Scion’s Rural Fire Research team made a significant contribution to the latest issue of the Australasian Journal of Disaster and Trauma Studies, which focuses on the February 2017 Port Hills wildfire.
The Port Hills fire was New Zealand’s most devastating wildfire of recent times. Occurring on the outskirts of Christchurch city, it burned 1660 ha, destroyed 9 homes and damaged 5 others, and resulted in several thousand people being evacuated. The Journal’s special issue is devoted to the wildfire; what happened, and what can be learned.
Grant described the environment under which the fire occurred, its rapid transition into an extreme fire, and its impact relative to previous New Zealand rural-urban interface fires. With climate change likely to bring more and larger fires, and more people moving into areas of flammable vegetation in the interface, wildfires like the Port Hills fire could represent “the new norm’ that homeowners and fire agencies will have to deal with. Grant also stated that New Zealanders “increasingly need to learn to live with wildfire events”, and “it is time to re-think the use of planning controls and homeowner education to mitigate future fire losses at the rural-urban interface”.
Lisa and Simon analysed media reports and social media comments following the fire to gain an indication of how urban residents perceived the fire risk, the social norms that shaped discussion, underlying conflicts, and their understanding of where the responsibility for action lies. They found that that in addition to residents within rural-urban interface areas, urban audiences also need to be “awakened to the increasing risks of wildfires and how to prepare for them”, as the Port Hills fire and recent international wildfire events clearly show they can also be impacted.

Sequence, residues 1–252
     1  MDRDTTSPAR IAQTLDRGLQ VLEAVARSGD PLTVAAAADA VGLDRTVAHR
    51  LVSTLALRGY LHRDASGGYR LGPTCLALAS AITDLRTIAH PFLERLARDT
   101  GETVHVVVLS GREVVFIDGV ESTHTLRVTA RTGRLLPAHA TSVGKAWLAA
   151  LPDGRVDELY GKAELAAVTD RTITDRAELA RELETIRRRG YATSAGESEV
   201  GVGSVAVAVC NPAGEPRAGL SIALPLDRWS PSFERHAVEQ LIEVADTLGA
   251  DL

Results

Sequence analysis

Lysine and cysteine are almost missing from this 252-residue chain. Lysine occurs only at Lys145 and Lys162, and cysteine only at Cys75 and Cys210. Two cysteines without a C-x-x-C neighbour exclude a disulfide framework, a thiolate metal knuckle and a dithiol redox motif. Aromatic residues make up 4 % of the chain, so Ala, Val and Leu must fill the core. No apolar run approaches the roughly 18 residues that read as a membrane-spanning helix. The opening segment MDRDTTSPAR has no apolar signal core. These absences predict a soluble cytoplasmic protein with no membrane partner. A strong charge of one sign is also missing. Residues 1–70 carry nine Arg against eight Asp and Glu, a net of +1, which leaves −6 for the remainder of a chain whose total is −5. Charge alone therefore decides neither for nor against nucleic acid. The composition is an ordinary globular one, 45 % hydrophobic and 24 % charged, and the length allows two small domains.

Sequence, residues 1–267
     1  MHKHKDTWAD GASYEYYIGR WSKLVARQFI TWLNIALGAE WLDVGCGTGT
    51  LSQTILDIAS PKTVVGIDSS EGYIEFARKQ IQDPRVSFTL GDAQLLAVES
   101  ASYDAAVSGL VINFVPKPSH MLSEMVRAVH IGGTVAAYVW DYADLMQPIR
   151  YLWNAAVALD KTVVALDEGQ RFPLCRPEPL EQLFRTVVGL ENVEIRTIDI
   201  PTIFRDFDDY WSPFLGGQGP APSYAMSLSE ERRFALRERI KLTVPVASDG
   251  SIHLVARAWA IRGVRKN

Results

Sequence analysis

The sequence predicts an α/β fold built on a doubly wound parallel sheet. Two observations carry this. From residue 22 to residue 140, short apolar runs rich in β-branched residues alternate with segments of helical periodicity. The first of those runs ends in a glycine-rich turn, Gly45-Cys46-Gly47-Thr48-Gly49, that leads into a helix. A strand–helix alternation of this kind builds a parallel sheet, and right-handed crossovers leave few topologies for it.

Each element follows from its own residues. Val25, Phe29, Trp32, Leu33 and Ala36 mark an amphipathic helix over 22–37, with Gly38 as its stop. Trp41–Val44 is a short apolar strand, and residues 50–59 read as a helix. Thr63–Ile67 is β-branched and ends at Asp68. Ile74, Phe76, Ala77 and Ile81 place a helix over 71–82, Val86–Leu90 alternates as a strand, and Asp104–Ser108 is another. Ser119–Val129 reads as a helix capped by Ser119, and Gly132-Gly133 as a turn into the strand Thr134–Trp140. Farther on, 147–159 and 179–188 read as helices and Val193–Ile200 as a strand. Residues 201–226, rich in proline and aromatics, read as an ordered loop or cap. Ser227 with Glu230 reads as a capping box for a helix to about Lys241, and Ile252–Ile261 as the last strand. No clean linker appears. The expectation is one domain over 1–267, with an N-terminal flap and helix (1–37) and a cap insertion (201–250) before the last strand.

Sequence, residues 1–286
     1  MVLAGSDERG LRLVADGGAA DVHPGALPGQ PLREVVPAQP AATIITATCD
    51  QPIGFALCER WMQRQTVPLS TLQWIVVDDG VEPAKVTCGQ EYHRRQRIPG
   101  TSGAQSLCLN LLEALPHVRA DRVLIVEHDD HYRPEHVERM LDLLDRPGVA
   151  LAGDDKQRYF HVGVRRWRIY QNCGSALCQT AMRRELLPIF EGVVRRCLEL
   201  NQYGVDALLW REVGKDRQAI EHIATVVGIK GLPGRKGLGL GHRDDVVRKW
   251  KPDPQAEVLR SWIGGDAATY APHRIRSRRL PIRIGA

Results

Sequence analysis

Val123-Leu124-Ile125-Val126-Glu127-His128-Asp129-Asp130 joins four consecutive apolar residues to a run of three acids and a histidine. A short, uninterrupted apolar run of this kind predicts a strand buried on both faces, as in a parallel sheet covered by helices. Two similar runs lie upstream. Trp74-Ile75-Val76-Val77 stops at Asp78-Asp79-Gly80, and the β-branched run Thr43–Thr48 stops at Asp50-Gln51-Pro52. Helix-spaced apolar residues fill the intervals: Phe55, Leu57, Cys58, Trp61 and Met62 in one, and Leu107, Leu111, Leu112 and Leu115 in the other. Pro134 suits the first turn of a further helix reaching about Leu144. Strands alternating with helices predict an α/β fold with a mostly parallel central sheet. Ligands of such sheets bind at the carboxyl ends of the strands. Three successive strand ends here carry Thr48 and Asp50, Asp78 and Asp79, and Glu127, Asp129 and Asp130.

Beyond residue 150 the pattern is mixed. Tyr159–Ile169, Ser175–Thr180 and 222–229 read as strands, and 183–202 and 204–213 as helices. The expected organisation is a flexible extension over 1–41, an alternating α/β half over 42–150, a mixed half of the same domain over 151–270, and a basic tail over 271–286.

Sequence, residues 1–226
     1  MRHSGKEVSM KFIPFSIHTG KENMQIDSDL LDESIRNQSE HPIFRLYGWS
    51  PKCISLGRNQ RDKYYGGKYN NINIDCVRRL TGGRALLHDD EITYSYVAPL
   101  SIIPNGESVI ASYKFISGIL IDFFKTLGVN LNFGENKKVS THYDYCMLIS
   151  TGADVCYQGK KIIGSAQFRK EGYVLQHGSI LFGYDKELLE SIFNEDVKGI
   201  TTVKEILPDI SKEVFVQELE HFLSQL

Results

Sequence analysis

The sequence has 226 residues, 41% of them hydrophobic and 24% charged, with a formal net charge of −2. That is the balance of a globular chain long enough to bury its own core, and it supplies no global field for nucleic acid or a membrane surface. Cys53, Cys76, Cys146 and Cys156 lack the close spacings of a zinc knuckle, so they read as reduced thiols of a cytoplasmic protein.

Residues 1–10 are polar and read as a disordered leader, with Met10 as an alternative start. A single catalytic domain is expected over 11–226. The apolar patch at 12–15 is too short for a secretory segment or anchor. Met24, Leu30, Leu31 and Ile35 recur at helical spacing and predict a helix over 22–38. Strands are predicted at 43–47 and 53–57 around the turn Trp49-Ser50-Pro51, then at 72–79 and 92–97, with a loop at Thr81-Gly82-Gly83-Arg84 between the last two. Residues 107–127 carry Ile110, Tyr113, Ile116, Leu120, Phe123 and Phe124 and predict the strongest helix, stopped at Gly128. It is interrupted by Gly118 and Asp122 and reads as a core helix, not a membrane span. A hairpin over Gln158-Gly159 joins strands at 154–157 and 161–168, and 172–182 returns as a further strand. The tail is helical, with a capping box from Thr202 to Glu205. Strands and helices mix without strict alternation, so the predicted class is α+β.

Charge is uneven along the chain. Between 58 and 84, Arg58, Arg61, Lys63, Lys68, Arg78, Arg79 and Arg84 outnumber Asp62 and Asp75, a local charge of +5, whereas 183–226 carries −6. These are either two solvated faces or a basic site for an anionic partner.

In total, the special issue comprises 6 papers, with the others addressing the importance of urban planning to manage wildfire risk, urban planning at the edges of New Zealand cities and how this may have played a role in the 2017 fires, whether or not the fires were deliberately lit, and the importance of considering animal welfare. All papers contained in the special issue are available here.
The release of the special issue has also generated significant media interest, with several stories referencing the Scion research featuring online and in local newspapers:
• Emergency services prepare for busy fire season as heavy vegetation growth boosts risk
• Wildfires a risk in NZ city fringes where forests and homes meet